Making freshwater fish competitive as the world changes

Making freshwater fish competitive as the world changes

Inland fishing – the powerful yet quieter sister to the large, salty marine aquaculture powerhouse – is gaining what experts say is a much-needed visibility boost. At the Center for Systems Integration and Sustainability, members of University Distinguished Professor Bill Taylor's group are looking at how fish habitat and fish production are directly linked to human systems locally and globally. From the Great Lakes to the Nile River, they’re studying global change issues such as climate, evaluation of governance, policies on the impact of fish community dynamics and sustainability.

"Fish always have been representative of how well humans are doing with their environment," Taylor said. "It's time for us to make a move and speak for the fish to have them valued along with power, commercial, agriculture and other competition for water."

Freshwater fish provide the food, sport and economic power across the globe. Inland fishing is often a study in the power of the many, more about the line and the net, about individuals, families and small cooperatives. More than 60 million people in low-income nations are estimated to rely on inland fisheries for their livelihood.

troutChanges in landscape in turn change water quality in river systems. Rain snags pollution from the atmosphere and drops it in fish habitats. Dammed river systems can wreak enormous change upon banks, levees and fish production. Fish end up on plates not only in their own form, but as a diet for beef and chicken, they end up as dinner through many paths.

MSU takes the global stage

A partnership between MSU and the United Nations Food and Agriculture Organization (FAO) aims to identify opportunities and help develop strategy to bring freshwater fish to the global policy table.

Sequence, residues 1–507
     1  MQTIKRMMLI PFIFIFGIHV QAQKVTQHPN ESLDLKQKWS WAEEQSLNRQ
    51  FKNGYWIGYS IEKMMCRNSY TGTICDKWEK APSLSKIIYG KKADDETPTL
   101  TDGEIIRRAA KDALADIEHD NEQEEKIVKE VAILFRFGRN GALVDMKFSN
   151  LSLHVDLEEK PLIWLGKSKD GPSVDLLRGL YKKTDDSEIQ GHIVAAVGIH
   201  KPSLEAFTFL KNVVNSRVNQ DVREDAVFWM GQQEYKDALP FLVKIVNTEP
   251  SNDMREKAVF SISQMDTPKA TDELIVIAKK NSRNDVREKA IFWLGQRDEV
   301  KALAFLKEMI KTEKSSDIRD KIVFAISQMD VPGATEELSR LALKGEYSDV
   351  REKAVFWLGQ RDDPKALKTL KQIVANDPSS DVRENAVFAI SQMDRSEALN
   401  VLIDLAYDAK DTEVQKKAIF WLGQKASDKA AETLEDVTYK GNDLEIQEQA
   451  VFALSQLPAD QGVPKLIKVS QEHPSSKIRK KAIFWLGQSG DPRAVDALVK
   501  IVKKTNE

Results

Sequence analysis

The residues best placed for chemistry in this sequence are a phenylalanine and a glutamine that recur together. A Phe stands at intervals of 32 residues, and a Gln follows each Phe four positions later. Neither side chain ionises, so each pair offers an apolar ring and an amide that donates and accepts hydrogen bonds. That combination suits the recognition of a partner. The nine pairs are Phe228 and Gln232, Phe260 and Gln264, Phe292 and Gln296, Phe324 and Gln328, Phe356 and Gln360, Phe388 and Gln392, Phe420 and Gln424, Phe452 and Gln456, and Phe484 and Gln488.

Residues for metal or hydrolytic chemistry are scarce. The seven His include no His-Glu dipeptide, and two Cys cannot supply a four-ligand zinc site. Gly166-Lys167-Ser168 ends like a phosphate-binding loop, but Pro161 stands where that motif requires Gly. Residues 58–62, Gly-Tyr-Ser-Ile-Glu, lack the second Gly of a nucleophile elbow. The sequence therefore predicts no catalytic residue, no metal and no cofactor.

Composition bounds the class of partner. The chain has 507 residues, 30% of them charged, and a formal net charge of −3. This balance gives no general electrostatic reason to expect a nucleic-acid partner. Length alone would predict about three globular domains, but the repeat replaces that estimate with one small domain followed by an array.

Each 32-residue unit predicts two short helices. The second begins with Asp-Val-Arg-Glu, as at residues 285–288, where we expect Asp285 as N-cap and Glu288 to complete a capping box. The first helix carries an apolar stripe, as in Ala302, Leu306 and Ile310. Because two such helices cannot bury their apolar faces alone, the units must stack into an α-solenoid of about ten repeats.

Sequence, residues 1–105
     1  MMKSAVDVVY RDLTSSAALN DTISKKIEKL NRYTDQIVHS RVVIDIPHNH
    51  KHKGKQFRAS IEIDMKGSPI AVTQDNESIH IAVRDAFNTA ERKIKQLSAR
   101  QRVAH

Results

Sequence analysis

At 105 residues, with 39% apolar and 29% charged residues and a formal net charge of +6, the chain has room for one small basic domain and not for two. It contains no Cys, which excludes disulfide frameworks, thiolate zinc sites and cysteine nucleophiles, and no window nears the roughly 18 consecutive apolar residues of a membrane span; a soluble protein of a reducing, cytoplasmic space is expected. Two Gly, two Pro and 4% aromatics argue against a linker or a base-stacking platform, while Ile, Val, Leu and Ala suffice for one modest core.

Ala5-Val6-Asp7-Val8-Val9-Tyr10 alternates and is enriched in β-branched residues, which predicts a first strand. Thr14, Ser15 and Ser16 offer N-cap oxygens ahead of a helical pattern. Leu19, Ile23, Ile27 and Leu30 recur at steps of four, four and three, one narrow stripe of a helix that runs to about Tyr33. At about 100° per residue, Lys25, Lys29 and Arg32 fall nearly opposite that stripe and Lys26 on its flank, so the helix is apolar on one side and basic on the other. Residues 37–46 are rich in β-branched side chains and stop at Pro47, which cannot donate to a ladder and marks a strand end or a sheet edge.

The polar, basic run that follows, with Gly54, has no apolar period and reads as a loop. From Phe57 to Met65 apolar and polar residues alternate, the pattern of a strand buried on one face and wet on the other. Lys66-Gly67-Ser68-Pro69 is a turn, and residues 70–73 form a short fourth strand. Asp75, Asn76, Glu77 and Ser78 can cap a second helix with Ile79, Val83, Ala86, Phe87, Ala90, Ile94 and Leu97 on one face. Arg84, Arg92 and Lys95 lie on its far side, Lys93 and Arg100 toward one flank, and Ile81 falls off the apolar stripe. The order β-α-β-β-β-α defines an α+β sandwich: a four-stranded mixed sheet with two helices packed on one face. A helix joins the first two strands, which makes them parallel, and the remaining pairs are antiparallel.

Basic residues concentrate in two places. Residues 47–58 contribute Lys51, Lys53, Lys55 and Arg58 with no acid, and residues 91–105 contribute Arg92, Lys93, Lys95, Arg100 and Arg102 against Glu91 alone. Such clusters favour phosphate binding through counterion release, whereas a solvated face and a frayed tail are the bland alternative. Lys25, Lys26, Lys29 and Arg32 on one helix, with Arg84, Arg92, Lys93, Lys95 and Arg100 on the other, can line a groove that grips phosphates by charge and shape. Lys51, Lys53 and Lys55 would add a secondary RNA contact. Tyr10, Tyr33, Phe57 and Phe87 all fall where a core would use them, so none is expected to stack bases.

In January 2015, Taylor helped MSU partner with the FAO in Rome for the The Global Conference on Inland Fisheries. That meeting brought  212 people from 45 countries to discuss ways to make fish a competitive part of global development.

In April 2015, MSU joined the FAO to host a panel discussion at the 7th World Water Forum in South Korea.

The panel, "Life, the Universe, Fish and Chips and Everything: A Cross Sectoral Approach to Food Security," highlighted the complete range of services freshwater ecosystems offer in terms of food security and livelihoods.

Fish are explicitly mentioned because most discussions of water and food focus on irrigation and "crop per drop," and omit the fact that freshwater fisheries are providing food security to millions of people in rural and developing areas throughout the world.

The discussions sought win/win situations where with proper planning and management, freshwater ecosystems can deliver a range of services including crops, livestock, energy and fish. 

Bill Taylor, Steve Hanson, dean of International Studies and Programs, and master's student So-Jung Youn attended.

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